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Animal Dialogues: Uncommon Encounters in the Wild

Across the Species Divide

Books | Review of: The Animal Dialogues: Uncommon Encounters in the Wild


January 2, 2008

Conversations with wild animals are always one-sided. If we speak to them, we hear how empty our words sound in the silence between us. If we manage to make eye contact with some startled deer in a forest clearing or with a caged lion in the local zoo, we search their faces for visual clues, but we can't quite decipher the look they give us back. We depend almost exclusively on our eyes, but animals apprehend us with all their senses. They know us by our smells and sounds as well as by sight; the lion may even anticipate the way we taste. For all our wordiness, we are mute in this wordless realm. Our ears are no longer disciplined, our noses have grown dull. Perhaps the strangest aspect of such privileged encounters is the image of ourselves the eyes of wild animals give back. For an instant, we realize that it is we who are the true strangers on this earth.

In his beautiful new book, "The Animal Dialogues: Uncommon Encounters in the Wild" (Little, Brown and Company, 326 pages, $24.99), the well-known naturalist and NPR contributor Craig Childs tells of his strenuous attempts to bridge this gulf in communication with the wildest -- and often the oddest -- of creatures. Here he breaks the ice not only with pumas and porcupines but with mosquitoes, wasps, and praying mantises. Of Mr. Childs, it might be said, inverting the old adage, that "nothing inhuman is alien to him." His efforts, occasionally as comical as they are foolhardy, tend to misfire. He may say, "I recognize myself in ravens," but those shrewd "theatrical birds," as he aptly calls them, don't return the favor. Still, relying on remarkable powers of observation as well as a profound knowledge of wilderness, he comes uncannily close to those secret lives.

Mr. Childs is a born storyteller. You may not be especially interested in the domestic arrangements of bighorn sheep or the spawning habits of smelt, but after a few sentences, you find yourself drawn irresistibly in. In part, this is due to his unusual eloquence. Mr. Childs has a distinct gift for the clinching description. When he writes of the "subtle steel blue" of a heron's plumage, you catch the gloss of its feathers. In his spookiest chapter, about a conclave of vengeful ravens in a hidden canyon, he describes the way one flying raven tucks its talons against its body "as if each grasped a marble," and the image is both vivid and exact. Occasionally he gets carried away -- when he says that the same raven's beak seemed to be "pointing at me like a librarian's finger," you can't help wondering what libraries he's been frequenting -- but these little lapses are rare.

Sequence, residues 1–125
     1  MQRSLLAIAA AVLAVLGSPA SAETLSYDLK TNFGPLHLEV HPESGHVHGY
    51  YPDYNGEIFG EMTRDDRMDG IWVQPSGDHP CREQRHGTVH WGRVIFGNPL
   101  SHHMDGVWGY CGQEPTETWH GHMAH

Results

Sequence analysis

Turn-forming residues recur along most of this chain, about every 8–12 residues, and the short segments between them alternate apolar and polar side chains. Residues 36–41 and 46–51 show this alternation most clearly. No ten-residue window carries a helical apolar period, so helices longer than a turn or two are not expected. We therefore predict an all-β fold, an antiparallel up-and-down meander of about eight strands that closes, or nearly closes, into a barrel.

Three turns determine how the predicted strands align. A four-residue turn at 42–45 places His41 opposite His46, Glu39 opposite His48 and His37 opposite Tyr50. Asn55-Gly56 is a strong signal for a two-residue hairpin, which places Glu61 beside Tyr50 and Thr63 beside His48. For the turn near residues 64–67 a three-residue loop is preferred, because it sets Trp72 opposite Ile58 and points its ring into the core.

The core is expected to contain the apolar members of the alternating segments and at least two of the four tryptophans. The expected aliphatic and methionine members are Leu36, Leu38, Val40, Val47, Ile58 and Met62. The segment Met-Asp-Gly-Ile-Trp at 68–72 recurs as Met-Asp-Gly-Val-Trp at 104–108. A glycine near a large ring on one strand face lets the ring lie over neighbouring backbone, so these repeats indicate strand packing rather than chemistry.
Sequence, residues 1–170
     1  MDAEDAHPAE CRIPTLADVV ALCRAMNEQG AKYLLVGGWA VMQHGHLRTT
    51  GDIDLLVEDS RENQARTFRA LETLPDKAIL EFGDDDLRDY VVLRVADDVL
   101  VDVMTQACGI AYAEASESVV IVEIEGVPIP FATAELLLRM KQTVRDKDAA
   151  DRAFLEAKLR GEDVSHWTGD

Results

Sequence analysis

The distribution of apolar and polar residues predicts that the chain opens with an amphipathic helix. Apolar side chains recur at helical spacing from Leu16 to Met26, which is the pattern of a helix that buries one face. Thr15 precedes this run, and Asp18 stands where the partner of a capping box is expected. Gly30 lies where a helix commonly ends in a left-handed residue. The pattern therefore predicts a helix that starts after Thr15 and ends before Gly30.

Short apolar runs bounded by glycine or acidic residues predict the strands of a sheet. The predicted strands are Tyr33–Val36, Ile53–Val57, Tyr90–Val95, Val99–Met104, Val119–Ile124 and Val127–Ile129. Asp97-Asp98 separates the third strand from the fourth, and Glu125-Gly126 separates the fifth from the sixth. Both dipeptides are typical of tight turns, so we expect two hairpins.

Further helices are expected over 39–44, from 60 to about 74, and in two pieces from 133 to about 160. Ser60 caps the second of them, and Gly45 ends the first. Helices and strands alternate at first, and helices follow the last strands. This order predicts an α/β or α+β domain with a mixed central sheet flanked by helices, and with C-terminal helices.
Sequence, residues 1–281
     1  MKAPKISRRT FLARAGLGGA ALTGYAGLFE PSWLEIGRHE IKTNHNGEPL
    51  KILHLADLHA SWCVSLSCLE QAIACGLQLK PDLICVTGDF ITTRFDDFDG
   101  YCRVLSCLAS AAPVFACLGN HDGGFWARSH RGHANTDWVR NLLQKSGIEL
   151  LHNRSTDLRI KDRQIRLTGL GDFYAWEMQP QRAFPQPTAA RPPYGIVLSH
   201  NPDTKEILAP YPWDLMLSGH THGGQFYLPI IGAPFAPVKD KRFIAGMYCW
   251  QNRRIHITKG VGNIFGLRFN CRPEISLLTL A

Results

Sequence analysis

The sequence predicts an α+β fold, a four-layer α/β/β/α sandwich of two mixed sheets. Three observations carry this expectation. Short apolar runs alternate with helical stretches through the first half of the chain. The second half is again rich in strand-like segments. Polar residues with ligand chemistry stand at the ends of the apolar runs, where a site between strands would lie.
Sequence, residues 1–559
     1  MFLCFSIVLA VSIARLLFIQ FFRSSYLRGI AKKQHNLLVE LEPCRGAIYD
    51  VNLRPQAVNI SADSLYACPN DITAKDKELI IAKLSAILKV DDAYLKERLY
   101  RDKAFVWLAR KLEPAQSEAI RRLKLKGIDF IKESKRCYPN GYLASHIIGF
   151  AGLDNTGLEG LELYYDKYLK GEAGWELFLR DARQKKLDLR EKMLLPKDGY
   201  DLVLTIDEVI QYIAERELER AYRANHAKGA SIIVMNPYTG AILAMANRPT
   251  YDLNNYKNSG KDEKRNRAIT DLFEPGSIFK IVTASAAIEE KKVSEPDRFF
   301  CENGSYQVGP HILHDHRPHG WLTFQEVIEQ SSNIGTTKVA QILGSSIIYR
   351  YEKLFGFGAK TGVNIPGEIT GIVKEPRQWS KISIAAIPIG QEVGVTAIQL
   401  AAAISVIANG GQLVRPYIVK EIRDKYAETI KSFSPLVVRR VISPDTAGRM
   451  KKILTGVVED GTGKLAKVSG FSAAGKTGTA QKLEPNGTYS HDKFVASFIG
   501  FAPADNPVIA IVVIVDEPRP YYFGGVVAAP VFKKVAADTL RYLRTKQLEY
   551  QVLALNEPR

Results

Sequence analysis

Each of his chapters is devoted to a single animal -- from bears and mountain lions to rattlesnakes and squid -- and in each, the same distinctive voice carries the tale. To read Mr. Childs is to recover the magical sensation of sitting around a companionable campfire on a windswept shelf of the northwest coast while some grizzled wilderness explorer spins his yarns. And yet, these yarns aren't just alive with remembered adventure; they're dense with scientific fact, often drawn from the latest research. We learn about "epidermal sculpturing," the ingenious way in which the red-spotted toad drinks through its skin in a parched environment. The mosquito is hardly Mr. Childs's favorite insect, and yet he can marvel at the "fifteen thousand sensory neurons" which populate its antennae. Whether he is discussing the evolutionary adaptations of a cat's jawbone, designed for maximum crushing power, or the fatal "conversations" that take place between a stalking predator and its terrified prey, he is exceptionally skillful at weaving solid fact into his most improbable anecdotes.

Mr. Childs belongs to a venerable tradition of nature writing extending back to William Bartram, Henry David Thoreau, and John Muir. He shares their keenness of eye and sharpness of ear, along with their obsessive desire to come as close as humanly possible to the elusive lives of wild things; like them, he believes that "the forest is, without a doubt, eternity." But he brings other, more personable qualities as well. Some of his exploits are quite goofy. Who else with a dread of rattlesnakes would trek barefoot through a snake-infested desert in pitch darkness, or rescue a trapped and snarling raccoon with his ungloved hands from a waterhole, and not only survive but speak with perfect frankness of both his clumsiness and his fear?

Mr. Childs also mounts a refreshing and spirited defense of anthropomorphism, a much-discredited viewpoint nowadays. As he says:

We are asked to temper our language when speaking of animal traits, lest we call them by a name that is not theirs, forming words in our mouths that do not sound like a snake's whisper, a grasshopper's clicking. It seems just as odd, though, to sequester ourselves in a cheerless vault of sentience, sole proprietors of smarts and charm. Bees form a mind of a hive, don't they? Doesn't the bear dream when it sleeps, and don't grasses stretch with all their might toward the sun?

In one chapter, Mr. Childs describes a sea lion peering from the offshore waves at his campfire with something like yearning. In the end, his dialogues may be merely monologues, but we sense that somewhere, beyond the circle of the fire, his wildest animals lie listening, and their eyes too are radiant with anecdote.

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